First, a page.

And then they are gone.

After I’d processed the news yesterday, I emailed Maureen Johnson, another Bowie mega-fan. “I feel like you’re the only other person I know who is as sad about this as I am,” I wrote. Within the hour, she had written back, “I’m weirdly not sad. It’s like he’s just so permanent that this is just something new he’s doing.”

It was perfectly Maureen and just plain perfect. Yes. Bowie the Artist will never go away as long as there are outsiders. Dreamers. Human yearning. Slightly lost teenage girls in bedrooms with headphones who rely on lyrics to speak for them. Last night, I sat with my husband, Barry, as our son, Josh, scrolled through his Facebook timeline reading tributes to Bowie from his rock camp friends. One, a diehard fan, had posted a profile pic of himself in full Aladdin Sane lightning bolt makeup. These teens, this whole new generation of Young Americans, feels just as connected to Bowie as I did. Well, ain’t that close to love?

We always have the music, and my God, what music: “Five Years.” “Sons of the Silent Age.” “Sound and Vision.” “Moonage Daydream.” “Silly Boy Blue.” “Heroes.” “The Man Who Sold the World.” All of it a visionary soundtrack of permission granted to dream big, to reach higher by digging deep down inside those unconscious, real places. Permission granted to be who you are and who you might yet become, forever and ever. Yes. You can do that. And that. And also that. We can be heroes.

David Bowie proved it.

* Monday evening, in a funk, I called my friends, pianist/singer-songwriter/musical director Bill Zeffiro, and recording engineer, Chip Fabrizi, two good friends with whom I often hang out and record music. I asked if maybe we could get together at PPI, Chip’s studio in Soho, just to sing a Bowie song. “Heroes” had been in my head all day, so that’s what we laid down. RIP, Mr. Jones. Thanks for the music. Here’s a little something back. *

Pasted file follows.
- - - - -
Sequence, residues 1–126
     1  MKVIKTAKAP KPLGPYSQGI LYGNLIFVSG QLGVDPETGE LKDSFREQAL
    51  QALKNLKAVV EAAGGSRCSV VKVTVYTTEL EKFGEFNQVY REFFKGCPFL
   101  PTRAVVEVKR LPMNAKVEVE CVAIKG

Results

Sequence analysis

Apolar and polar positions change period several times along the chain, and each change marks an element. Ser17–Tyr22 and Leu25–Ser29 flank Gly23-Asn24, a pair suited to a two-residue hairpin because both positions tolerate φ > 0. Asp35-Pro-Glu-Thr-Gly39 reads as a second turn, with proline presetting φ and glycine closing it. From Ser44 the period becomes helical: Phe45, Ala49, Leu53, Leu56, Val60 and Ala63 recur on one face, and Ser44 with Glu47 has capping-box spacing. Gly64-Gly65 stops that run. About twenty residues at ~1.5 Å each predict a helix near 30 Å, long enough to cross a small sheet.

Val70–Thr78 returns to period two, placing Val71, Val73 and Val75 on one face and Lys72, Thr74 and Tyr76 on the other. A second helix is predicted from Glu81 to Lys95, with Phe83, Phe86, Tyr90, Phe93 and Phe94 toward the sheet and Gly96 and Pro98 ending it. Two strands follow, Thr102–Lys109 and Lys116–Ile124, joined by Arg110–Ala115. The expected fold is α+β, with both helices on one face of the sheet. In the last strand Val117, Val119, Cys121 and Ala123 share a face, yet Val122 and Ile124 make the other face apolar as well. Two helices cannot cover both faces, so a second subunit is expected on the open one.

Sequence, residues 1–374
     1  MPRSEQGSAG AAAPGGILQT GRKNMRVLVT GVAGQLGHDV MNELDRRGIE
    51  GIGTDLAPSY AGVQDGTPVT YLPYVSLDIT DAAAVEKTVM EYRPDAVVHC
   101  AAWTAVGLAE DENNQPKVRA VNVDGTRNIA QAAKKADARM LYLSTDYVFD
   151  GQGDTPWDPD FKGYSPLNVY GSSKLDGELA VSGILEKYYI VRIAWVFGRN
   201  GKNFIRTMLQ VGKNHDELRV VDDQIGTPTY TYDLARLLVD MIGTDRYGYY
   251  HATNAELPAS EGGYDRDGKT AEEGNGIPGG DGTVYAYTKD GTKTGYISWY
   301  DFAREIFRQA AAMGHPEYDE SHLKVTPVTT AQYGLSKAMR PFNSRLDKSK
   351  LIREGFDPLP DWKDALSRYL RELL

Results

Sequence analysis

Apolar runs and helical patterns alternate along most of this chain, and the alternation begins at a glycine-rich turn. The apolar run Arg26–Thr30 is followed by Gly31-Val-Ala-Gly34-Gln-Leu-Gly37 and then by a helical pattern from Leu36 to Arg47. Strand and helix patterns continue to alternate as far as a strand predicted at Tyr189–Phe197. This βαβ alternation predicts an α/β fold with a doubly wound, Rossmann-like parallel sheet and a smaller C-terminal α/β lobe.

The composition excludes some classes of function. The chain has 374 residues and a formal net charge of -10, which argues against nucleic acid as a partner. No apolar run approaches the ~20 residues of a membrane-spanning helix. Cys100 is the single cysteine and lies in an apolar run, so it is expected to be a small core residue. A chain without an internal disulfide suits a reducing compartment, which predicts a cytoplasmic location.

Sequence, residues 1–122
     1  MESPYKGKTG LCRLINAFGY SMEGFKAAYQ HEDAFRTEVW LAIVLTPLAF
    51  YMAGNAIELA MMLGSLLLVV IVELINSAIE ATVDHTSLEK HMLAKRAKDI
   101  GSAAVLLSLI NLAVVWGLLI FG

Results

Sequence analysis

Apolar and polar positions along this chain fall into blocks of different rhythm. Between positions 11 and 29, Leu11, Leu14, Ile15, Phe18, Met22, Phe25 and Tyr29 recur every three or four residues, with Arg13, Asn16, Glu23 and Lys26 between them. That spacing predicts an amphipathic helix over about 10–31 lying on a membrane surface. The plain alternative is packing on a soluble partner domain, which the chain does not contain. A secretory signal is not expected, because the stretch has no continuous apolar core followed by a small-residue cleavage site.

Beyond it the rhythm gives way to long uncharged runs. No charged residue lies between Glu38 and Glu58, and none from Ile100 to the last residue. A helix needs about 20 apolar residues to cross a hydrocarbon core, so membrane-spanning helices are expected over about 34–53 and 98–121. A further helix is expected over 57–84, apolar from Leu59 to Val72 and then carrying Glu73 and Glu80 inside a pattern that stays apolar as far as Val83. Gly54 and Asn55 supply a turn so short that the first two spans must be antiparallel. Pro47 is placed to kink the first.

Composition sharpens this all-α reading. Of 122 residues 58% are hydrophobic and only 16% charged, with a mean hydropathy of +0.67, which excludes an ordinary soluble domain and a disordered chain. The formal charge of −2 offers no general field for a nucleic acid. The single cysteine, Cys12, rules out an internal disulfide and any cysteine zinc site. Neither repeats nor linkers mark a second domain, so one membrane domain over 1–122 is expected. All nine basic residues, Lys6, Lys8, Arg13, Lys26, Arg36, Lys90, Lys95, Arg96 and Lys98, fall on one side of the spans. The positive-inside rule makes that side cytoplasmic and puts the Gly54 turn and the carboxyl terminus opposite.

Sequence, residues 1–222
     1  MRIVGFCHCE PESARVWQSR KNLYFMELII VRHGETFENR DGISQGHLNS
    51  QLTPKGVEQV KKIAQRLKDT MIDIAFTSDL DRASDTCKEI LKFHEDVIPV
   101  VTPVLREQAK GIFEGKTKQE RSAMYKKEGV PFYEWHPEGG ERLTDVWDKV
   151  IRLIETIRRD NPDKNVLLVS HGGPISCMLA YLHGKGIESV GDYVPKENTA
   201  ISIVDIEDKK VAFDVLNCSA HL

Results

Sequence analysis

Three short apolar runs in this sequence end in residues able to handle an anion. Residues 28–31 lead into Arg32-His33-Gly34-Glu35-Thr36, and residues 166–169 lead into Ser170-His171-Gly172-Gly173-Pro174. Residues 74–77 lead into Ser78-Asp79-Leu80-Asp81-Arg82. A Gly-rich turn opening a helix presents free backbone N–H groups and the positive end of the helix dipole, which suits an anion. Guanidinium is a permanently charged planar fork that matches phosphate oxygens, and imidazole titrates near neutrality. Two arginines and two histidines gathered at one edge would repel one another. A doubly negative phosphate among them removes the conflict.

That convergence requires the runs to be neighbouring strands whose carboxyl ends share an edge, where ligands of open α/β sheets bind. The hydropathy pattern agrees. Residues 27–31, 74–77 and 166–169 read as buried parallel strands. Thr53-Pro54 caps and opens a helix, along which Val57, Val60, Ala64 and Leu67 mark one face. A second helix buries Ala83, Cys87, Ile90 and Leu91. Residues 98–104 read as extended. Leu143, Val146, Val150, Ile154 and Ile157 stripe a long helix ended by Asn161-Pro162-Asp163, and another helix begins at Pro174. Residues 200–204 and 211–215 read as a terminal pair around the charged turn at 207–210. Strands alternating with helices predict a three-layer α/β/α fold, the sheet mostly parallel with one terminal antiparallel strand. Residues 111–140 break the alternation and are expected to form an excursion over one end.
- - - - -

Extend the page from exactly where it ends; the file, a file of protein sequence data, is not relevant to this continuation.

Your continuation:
The End of Innocence

Seven years ago, when my son was ten, he asked me to tell him the truth about Santa. It was a hard moment, and I was never quite sure if I’d done the right thing or not. That night seemed to capture all of my complicated feelings about Christmas, and I ended up writing this piece about it.

The Boy is A Man now, a high school senior long past caring about leaving carrots for reindeer and believing in magic. But I’m not sure I am.

Anyway, ’tis the season, and as I’m hauling out ornaments, I thought I’d pull this one out of the archives. 

(From December 4, 2008) 

I knew it would happen sometime. I told myself to prepare. After all, he’s ten now, I said as I hauled out the Christmas ornaments box. I told myself this, and yet, it still caught me off-guard.

Last night, as the boy and I were on the couch watching “Rudolph the Red-Nosed Reindeer”, he said, “Do you believe in Santa?”
My heart was way ahead of my brain and so it began to beat faster. “Yes. Well, I believe in the spirit of Santa,” I said, hedging.
“Me, too,” he said. And then, “But some of my friends told me there is no Santa. That it’s just your parents doing those things. K. caught his parents dressing up as Santa.”
“Mmmm. Well, what do you think?”
This has come up before, and each time, the boy worked it out in the rationalization dept. of his brain and said, “I don’t care what they say. I believe in Santa.”
But now he is ten. He sat straight up and looked me in the eyes. “Are you guys Santa? I’m asking.”
“You want to know about Santa?”
“Yes. I want you to tell me. I want to know.”
He wanted to know. Even though he didn’t want to know. And, coward that I am, I didn’t want to tell him.
“Yes,” I answered softly. “We are Santa.”
He blinked several times, a ploy to keep from crying, a ploy I understand well. “Okay,” he said.
“I’m sorry, buddy. I know you must be so disappointed and hurt.”